Methods and devices for controlling the temperature
The temperature gradient in the test chamber surrounding the sample should be as small as possible. There are different methods and devices available for controlling the temperature:
The Peltier effect is a thermoelectric effect. The junction between two suitable materials that are joined as layers (for example, specific metals or semiconductors) is heated or cooled, depending on the applied voltage and the direction of current. The advantage of this method is that both high heating rates and high cooling rates can be achieved. Added to that, the size of these devices is comparably small and the investment and operating costs are relatively low. The available temperature range is usually between -40 °C and +200 °C. There are two types of systems; one featuring a “passive hood” without temperature control and the other one with a so-called “active hood”, where the temperature can be controlled. With these hoods, the temperature gradient is minimal. In order to achieve precise measuring results, such hoods should be used whenever the measuring temperature differs by more than 10 °C from ambient temperature.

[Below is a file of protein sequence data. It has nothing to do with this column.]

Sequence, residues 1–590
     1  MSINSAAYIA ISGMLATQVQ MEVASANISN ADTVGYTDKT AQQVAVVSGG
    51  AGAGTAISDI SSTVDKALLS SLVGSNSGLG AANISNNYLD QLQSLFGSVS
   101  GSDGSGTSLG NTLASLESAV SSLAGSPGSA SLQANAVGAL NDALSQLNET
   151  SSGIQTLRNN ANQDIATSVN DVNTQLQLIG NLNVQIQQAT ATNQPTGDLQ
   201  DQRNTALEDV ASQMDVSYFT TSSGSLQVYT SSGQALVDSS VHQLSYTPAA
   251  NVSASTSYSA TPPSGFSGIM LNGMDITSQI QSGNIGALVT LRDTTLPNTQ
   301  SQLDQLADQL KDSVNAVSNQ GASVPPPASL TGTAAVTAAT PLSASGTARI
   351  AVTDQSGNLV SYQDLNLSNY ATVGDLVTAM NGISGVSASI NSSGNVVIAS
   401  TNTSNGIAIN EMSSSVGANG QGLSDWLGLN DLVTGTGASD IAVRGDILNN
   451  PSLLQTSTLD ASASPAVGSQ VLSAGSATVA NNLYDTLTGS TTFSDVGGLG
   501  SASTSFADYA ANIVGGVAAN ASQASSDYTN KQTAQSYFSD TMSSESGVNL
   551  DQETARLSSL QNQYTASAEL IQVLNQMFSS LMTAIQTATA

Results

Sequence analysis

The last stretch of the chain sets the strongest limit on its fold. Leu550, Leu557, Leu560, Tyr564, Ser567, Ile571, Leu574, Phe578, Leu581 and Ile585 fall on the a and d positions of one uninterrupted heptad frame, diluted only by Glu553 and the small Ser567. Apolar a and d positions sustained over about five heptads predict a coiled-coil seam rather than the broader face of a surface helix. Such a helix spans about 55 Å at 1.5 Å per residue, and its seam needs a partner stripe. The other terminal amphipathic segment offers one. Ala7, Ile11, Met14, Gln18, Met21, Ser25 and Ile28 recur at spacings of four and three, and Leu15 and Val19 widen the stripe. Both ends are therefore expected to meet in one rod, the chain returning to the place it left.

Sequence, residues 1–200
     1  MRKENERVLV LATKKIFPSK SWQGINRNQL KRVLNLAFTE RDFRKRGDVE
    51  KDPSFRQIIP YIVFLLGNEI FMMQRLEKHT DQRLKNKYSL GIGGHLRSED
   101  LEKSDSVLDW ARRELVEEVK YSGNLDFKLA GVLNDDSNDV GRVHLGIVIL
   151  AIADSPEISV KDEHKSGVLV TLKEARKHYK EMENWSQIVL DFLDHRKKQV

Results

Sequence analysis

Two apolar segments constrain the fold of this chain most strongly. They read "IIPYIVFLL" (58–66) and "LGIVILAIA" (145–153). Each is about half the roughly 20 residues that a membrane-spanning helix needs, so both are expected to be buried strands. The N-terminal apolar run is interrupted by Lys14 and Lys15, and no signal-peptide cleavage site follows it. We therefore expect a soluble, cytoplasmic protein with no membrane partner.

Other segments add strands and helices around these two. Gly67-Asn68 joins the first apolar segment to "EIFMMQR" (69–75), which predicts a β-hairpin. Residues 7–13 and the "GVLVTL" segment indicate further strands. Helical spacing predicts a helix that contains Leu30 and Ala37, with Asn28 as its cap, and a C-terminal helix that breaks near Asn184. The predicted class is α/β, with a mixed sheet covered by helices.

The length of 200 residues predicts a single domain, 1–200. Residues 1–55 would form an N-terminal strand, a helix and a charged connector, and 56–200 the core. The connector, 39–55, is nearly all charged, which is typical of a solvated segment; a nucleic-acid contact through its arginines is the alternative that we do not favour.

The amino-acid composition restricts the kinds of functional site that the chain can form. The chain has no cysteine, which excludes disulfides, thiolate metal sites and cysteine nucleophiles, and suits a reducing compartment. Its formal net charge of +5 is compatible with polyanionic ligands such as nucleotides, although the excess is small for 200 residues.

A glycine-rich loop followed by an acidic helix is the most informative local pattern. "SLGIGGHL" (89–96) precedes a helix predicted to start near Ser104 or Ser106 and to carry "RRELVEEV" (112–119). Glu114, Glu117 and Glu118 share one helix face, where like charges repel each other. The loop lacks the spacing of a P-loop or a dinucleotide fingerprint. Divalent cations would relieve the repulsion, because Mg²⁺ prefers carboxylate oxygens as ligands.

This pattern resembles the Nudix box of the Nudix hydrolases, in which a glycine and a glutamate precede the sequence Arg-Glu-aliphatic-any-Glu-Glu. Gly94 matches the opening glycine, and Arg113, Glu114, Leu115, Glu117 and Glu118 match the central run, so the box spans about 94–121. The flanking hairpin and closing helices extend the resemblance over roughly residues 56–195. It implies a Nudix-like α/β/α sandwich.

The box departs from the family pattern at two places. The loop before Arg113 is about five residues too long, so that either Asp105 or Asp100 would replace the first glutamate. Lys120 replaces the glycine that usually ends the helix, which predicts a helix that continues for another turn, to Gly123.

Liquid-bath temperature control
This kind of temperature control often uses water or thermo-oil-controlled thermostats; for example, for measurements that are carried out between -40 °C and +200 °C. The disadvantages are low heating and cooling rates and sometimes inconvenient handling of liquids in the laboratory.
This method is suitable for measurements carried out at high heating rates or at constant high temperature, for example between +30 °C and +400 °C.
Convection heating or cooling
The temperature is controlled by using an inert gas such as nitrogen; for example for tests at temperatures between -150 °C and +600 °C. Special measuring devices and furnaces are available for testing samples such as glass, salt, and metal melts at temperatures of up to 1000 °C, and for geological tests on volcanic rocks such as basalt, even up to 1800 °C.